Eliminating River Blindness in Nigeria

Hope for a Healthy Nigeria


Hope for a

The Carter Center is one of eight semi-finalists in the MacArthur Foundation competition for a $100 million grant to fund a single proposal that promises real and measurable progress in solving a critical problem of our time. The Carter Center proposes to eliminate river blindness disease from Nigeria, Africa’s most populous nation and the one most endemic for this debilitating disease.

River blindness causes devastating socioeconomic repercussions in Africa, resulting in food insecurity, lack of education for children who must care for blinded parents, intergenerational poverty, and social stigma.

The Problem

River blindness threatens approximately 120 million people worldwide. Caused by a worm parasite that spreads via the bite of black flies, the disease is most endemic in Nigeria. With its dense and growing population, roughly 50 million people in 40,000 communities in Nigeria are infected with or at risk of the disease.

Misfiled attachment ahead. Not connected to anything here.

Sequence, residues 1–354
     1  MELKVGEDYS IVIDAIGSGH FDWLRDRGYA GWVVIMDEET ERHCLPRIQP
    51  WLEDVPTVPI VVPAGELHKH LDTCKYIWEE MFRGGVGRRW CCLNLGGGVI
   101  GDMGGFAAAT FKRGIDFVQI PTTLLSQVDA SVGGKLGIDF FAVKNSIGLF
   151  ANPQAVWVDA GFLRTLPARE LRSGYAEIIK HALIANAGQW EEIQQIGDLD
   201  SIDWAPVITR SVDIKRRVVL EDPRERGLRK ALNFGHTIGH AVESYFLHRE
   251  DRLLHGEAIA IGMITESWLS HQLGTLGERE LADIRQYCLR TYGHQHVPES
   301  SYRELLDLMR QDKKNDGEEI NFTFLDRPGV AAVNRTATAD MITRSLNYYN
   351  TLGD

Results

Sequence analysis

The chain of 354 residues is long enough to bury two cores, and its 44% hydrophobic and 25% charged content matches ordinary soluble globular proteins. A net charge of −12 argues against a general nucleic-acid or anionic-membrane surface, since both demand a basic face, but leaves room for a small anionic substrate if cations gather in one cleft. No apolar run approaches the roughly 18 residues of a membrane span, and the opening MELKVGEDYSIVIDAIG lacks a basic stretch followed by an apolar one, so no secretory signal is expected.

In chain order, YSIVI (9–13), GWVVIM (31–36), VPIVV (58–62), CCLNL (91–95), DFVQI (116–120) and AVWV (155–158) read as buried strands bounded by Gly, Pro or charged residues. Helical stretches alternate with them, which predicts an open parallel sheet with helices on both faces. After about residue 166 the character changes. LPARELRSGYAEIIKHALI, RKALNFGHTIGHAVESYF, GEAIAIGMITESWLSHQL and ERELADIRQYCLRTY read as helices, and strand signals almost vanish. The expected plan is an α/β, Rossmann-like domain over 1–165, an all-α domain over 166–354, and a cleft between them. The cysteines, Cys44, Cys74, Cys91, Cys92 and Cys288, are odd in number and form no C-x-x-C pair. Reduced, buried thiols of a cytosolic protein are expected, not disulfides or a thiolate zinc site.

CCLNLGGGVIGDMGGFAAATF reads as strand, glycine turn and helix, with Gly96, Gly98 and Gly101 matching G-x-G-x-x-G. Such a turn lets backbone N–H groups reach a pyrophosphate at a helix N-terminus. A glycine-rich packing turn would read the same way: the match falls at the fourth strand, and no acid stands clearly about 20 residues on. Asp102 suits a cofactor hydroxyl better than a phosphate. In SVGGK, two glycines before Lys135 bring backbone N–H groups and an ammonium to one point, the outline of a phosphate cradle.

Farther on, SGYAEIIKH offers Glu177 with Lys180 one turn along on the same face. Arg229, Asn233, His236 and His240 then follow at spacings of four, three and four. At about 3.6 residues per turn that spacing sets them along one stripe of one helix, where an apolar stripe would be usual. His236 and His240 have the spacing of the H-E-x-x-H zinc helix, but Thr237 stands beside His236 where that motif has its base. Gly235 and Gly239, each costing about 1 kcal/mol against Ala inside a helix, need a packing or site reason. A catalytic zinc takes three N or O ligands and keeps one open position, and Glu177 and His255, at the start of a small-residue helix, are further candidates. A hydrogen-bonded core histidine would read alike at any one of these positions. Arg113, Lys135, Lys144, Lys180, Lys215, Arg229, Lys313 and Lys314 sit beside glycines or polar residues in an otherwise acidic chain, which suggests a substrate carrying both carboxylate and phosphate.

The Solution

The Carter Center will eliminate transmission of river blindness disease in Nigeria, creating a model for the rest of Africa and the world.

In partnership with the Ministry of Health and local NGOs, the Center will work through community-directed distribution systems to administer the drug ivermectin (Mectizan®, donated by Merck & Co.) once or twice per year. This medicine is proven to stop transmission of the condition.

The program will train community-level volunteers in the appropriate dosing and administration of the drug and to provide health education to families and neighbors, creating a sustainable, rudimentary healthcare infrastructure in remote communities.

Similar Carter Center projects have eliminated river blindness from four countries in the Americas and from parts of Uganda and Sudan. This project will bring these best practices to scale across Nigeria, demonstrating that eliminating river blindness is possible in even the largest and most challenging environments.